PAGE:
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st: RE: Correlation coefficient between discrete and continuous variables


From   "Lachenbruch, Peter" <Peter.Lachenbruch@oregonstate.edu>
To   <statalist@hsphsun2.harvard.edu>
Subject   st: RE: Correlation coefficient between discrete and continuous variables
Date   Thu, 20 Nov 2008 12:09:53 -0800

When the discrete variable is a dichotomy, the test for the correlation
is the same as the two-sample t-test with the dichotomy as the 'by'
variable.  I've never looked at the case for discrete variables with k
categories.  A little algebra could be fun and illuminating...  (or not)


Tony

Peter A. Lachenbruch
Department of Public Health
Oregon State University
Corvallis, OR 97330
Phone: 541-737-3832
FAX: 541-737-4001


-----Original Message-----
From: owner-statalist@hsphsun2.harvard.edu
[mailto:owner-statalist@hsphsun2.harvard.edu] On Behalf Of Sergiy
Radyakin
Sent: Thursday, November 20, 2008 10:08 AM
To: statalist@hsphsun2.harvard.edu
Subject: st: Correlation coefficient between discrete and continuous
variables

Dear All,

a colleague of mine has just hinted me that it may not be
straightforward to compute a correlation coefficient when one of the
variables is discrete. Until now I never cared, and neither does the
Stata manual. In particular it does not require anywhere the variables
to be continuous, and the example shows the use of -correlate- command
to find a correlation between such discrete variables as -state- and
-region- and such continuous variables as -marriage rate-, -divorce
rate- (which is also strange since there is no logical ordering of
-state- and -region-, but that is a different issue).

After looking into the literature, the following paper seems to be
most relevant:

   N.R.Cox "Estimation of the Correlation between a Continuous and a
Discrete Variable", Biometrics, Vol.30, No.1 (Mar., 1974), pp. 171-178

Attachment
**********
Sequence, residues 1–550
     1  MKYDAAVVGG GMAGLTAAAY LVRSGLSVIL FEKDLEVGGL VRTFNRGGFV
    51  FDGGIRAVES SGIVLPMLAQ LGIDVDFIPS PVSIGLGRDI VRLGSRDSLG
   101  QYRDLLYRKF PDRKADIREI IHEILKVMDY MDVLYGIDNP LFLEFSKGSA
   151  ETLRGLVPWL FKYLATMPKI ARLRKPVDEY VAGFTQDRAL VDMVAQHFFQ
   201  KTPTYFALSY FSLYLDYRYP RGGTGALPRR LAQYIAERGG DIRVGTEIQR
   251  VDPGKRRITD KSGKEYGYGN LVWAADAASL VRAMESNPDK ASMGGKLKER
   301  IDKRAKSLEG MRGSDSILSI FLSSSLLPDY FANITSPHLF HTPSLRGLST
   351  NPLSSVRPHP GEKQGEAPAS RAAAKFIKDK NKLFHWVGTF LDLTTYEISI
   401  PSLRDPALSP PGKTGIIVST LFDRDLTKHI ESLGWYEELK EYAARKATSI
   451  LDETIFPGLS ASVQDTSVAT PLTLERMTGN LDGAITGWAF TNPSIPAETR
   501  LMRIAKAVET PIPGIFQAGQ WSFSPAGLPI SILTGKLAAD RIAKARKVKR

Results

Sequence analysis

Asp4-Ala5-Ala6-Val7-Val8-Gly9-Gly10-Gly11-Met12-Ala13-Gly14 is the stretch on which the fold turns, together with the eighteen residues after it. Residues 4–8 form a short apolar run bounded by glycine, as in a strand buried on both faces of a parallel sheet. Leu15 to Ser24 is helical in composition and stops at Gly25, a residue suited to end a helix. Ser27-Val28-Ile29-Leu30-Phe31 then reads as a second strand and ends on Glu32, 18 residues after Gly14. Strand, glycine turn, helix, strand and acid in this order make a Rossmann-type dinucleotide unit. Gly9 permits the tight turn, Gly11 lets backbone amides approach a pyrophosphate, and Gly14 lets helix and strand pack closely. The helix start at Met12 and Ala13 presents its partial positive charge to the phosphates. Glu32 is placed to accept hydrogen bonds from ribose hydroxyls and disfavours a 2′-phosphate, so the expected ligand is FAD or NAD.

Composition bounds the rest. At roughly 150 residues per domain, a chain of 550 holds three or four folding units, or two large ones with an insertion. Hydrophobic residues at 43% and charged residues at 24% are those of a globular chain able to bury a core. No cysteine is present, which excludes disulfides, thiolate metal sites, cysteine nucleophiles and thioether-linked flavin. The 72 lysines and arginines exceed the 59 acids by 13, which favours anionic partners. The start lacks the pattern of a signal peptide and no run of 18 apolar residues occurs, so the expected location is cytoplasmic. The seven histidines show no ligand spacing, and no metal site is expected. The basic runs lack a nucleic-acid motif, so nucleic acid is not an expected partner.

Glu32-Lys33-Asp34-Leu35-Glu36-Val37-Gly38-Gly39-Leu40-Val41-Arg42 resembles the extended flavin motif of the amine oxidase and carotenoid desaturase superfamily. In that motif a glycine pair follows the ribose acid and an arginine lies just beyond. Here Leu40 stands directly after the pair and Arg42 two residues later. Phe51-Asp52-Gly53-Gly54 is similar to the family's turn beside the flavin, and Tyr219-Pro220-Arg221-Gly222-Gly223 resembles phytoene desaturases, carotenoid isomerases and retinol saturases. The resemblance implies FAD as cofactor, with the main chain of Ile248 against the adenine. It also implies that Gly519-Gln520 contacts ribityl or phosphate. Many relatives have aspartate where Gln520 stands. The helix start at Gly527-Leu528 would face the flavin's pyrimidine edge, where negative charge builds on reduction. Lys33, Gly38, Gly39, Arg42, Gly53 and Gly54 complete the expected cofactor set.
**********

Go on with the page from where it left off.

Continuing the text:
www.jstor.org/stable/2529626

In particular my case satisfies the assumptions made in the paper that
the discrete value is derived from an underlying continuous variable
(so there is ordering: low, medium, or high).The way it is recommended
in the paper seems very far away from what Stata seems to be computing
according to the manual, in particular it calls for iterative maximum
likelihood estimation.

Before I start writing any code myself, I would like to ask:

Q1: does Stata do any adjustment to the way it computes the
correlation coefficient based on the nature of the variable (discrete
or continuous)?

Q2: is the difference between (the correlation coefficient as
estimated by Stata in this case) and (the one computed by the
recommended way) practically important?

Q3: is there any standard or user-written command to compute the
correlation coefficient according to the method described in the paper
above?

Q4:I am ultimately interested in the correlation between my observed
continuous variable and the unobserved continuous variable, which is
represented in the discrete levels. Unfortunately the thresholds are
not available to me, so I may not be sure about the size of the
intervals. Furthermore, a significant measurement error may be
involved, since many interviewers may have eyeballed the continuous
variable into different groups differently. Should I instead focus on
different measures of correlation? Could you please suggest any ones
that better fit the context?

Thank you,
   Sergiy Radyakin
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